Here is the first use: You start by producing your financial statements the same way that you always do. Once you have your completed financials in hand, you convert them to XBRL and send them out into the world. In this model, XBRL is for the benefit of everyone else. They thank you.

Here is the second use: You identify all of the fundamental transactions in your business according to a taxonomy expressed in XBRL. You use this classification of all the basic financial facts within your organization as a way to aggregate these facts, discover new facts, track activities, and produce reports. What you learn from this use of XBRL is your business. You’ve got yourself to thank.

It is possible to combine the uses, starting with the second use, using XBRL for your own purposes inside your company, and then moving to the first use, creating XBRL reports for the rest of the world. The possibility of combination should not obscure the differences between the two uses.

Not surprisingly, these two different uses of XBRL get separate treatment within the XBRL community. The first use–focused on external users–is supported by a set of “financial reporting” taxonomies,collectively referred to as “XBRL FR.”  The second, internally focused use has a taxonomy of its own, called XBRL GL (for “general ledger”).

If I were betting, my bet would be that the success of XBRL–the breadth of adoption–will depend on which of these taxonomies takes hold in the market.

More specifically, I would bet that broad use of XBRL depends on the eventual success of XBRL GL, or some descendent or variant of it. The reason is that internal use is the only way to get return on investment in XBRL. It could be used to automate internal controls, contributing to better internal decision making, better risk management, and more affordable, sustainable compliance. It could be used to radically reduce the cost of external audits.  It could be used to support management decision tools–dashboards, metrics, benchmarking–to help the organization become more competitive.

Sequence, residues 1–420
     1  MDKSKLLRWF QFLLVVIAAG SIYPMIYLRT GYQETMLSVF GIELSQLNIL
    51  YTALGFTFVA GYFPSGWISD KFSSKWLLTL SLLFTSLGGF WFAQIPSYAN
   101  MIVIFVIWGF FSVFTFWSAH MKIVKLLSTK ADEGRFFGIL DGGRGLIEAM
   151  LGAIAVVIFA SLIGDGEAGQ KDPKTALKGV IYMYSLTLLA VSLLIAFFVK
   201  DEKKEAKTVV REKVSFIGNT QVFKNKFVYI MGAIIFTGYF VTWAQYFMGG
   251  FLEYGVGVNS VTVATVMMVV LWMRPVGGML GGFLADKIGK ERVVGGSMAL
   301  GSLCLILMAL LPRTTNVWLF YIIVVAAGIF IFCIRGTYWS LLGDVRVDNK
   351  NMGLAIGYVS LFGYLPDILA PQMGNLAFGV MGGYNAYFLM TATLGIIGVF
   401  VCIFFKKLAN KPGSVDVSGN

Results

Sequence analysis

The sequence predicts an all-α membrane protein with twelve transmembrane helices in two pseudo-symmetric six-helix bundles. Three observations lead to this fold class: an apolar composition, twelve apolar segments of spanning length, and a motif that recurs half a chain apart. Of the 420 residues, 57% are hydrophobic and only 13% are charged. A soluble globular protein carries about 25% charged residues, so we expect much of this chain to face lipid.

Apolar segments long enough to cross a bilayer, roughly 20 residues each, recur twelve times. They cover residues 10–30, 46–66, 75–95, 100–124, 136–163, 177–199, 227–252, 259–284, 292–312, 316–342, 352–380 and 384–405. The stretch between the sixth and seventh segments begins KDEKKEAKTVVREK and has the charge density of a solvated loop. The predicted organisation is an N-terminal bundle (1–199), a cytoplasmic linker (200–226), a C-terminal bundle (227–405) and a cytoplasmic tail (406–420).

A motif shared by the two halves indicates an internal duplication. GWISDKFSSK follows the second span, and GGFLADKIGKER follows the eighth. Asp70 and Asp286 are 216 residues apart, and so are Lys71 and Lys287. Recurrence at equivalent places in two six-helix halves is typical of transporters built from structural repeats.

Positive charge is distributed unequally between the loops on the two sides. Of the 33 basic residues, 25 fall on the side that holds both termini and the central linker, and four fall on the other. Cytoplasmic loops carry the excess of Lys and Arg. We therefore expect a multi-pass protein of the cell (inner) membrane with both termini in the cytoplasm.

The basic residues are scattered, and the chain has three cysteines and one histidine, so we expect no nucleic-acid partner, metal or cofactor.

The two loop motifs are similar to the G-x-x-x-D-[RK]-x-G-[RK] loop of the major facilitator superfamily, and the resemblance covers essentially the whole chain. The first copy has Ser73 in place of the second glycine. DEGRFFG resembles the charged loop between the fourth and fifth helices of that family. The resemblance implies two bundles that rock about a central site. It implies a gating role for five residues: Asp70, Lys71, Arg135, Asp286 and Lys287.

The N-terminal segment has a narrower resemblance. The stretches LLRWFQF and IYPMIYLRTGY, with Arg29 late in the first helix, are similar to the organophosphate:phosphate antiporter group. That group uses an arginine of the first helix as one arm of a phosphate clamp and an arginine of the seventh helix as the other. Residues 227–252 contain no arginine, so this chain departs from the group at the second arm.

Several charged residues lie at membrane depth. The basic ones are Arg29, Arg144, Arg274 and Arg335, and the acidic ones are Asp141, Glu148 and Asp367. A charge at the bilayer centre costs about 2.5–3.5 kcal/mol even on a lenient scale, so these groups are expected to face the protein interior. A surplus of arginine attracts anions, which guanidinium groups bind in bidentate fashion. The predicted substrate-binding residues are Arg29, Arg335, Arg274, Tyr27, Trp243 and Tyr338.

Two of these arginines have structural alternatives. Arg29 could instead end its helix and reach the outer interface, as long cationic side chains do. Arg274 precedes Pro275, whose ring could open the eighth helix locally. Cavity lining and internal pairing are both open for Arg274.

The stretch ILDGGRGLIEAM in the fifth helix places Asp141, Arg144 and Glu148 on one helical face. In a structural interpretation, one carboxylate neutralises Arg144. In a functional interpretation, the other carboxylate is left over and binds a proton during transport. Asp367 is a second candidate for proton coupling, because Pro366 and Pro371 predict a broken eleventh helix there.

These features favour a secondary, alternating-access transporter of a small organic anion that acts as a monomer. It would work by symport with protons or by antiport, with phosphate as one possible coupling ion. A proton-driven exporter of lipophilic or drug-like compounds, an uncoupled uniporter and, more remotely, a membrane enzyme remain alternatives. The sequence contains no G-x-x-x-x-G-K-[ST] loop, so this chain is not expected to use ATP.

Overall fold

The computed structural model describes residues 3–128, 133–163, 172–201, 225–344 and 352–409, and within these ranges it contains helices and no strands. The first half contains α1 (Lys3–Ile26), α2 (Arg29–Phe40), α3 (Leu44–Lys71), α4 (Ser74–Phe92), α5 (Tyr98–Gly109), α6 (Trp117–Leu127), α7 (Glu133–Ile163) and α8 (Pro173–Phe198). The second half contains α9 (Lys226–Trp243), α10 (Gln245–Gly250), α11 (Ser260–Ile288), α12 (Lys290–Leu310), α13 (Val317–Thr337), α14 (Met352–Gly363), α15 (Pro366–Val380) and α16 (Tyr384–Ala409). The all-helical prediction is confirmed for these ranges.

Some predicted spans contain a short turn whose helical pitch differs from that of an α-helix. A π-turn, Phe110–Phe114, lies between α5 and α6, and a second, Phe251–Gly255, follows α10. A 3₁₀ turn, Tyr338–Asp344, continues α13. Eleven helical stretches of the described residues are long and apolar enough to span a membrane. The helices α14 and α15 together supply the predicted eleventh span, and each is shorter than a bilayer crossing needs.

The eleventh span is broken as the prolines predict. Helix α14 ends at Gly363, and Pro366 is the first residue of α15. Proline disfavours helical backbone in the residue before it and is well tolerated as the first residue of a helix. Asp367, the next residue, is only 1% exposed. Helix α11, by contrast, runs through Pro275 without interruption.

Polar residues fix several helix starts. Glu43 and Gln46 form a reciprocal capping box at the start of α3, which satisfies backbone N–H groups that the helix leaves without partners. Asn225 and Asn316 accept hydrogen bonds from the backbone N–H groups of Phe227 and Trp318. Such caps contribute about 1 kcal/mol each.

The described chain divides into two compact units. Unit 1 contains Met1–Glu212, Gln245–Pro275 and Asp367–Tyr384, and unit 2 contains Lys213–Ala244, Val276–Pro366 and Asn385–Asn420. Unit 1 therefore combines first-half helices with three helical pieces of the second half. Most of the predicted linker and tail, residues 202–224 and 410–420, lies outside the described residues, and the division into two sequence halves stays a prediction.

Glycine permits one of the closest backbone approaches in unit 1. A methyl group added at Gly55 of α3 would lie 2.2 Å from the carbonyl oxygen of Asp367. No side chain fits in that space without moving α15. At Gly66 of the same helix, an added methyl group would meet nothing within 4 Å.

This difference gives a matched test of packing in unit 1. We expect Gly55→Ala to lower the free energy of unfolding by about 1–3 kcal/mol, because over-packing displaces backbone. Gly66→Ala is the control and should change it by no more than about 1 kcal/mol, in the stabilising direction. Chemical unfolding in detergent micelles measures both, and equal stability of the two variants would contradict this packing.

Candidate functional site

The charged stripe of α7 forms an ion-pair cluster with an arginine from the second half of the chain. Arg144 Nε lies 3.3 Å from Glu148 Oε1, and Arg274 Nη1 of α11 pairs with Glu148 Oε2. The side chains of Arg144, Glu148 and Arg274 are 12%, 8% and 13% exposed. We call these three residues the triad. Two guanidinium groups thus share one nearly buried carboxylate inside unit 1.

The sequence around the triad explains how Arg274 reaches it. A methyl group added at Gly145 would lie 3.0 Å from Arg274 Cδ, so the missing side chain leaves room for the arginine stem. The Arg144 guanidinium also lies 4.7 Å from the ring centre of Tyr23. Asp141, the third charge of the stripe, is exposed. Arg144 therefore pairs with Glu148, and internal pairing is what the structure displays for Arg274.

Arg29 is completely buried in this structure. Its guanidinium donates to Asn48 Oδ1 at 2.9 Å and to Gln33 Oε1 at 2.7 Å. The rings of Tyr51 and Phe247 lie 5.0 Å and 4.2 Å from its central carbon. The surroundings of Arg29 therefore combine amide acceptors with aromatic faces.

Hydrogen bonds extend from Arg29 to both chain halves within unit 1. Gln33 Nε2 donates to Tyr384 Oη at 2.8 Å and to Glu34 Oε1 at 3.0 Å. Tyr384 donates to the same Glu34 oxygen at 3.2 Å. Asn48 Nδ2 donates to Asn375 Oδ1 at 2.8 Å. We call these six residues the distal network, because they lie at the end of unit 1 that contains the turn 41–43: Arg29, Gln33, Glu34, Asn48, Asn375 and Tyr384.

By contrast, it is hard to see where the payout is from tagging financial statements in XBRL only at the end of the process, for release to the analysts and regulators.

The people who would bet against me are those who figure that XBRL is going to be imposed from the top down, as a requirement by regulators. I don’t see that happening in the U.S. As the SEC’s Peter Derby said last Tuesday morning at the XBRL conference, XBRL is currently hard to do and U.S. regulators prefer to follow the market’s lead when it comes to technology. It could be a different story in Europe, where, for example, the need to bring 25 different national banking systems together under the direction of a single Committee of European Banking Supervisors really does appear to require something like XBRL:  If it didn’t exist, they would need to invent it.

Assume for the moment that I am right–that internal use of XBRL will be what drives this market forward, and that broad availability of XBRL FR, created automatically from the in-house XBRL GL, will be the consequence, not the cause of market acceptance. Given that assumption, you would be looking for evidence of internal adoption. Is it happening?

From the evidence at last week’s conference, the answer is “NO.”  The only country where there seems to be serious focus on internal use is Japan. Hitachi showcased a case study of an XBRL GL implementation for WACOAL, an apparel manufacturer, and PCA Corporation, which offers a Japanese financial accounting package that was described as being similar in scope and market reach to Quickbooks, has announced support for XBRL GL within their product.

What might broaden this activity?

XBRL GL is currently a technology looking for a good problem to solve. This is not to say, at all, that XBRL GL is not potentially useful. Look at the list–executive dash boards, more effective internal control, reduced cost of compliance–each of these outcomes is very useful. But XBRL GL has yet to demonstrate that it is the critical, secret sauce that makes any one of these good outcomes doable, affordable, or more effective than ever before. XBRL GL needs to move from a technology that could beused for any of these good things to becoming the critical technology that an organization must haveto make some one of these good things available and affordable.

I think this can happen.  It will be driven by an application that needs XBRL GL, and not from XBRL GL needing an application. There are a number of candidate applications. What remains to be seen is whether the companies building and using those applications will find that XBRL GL is the missing piece they have been looking for.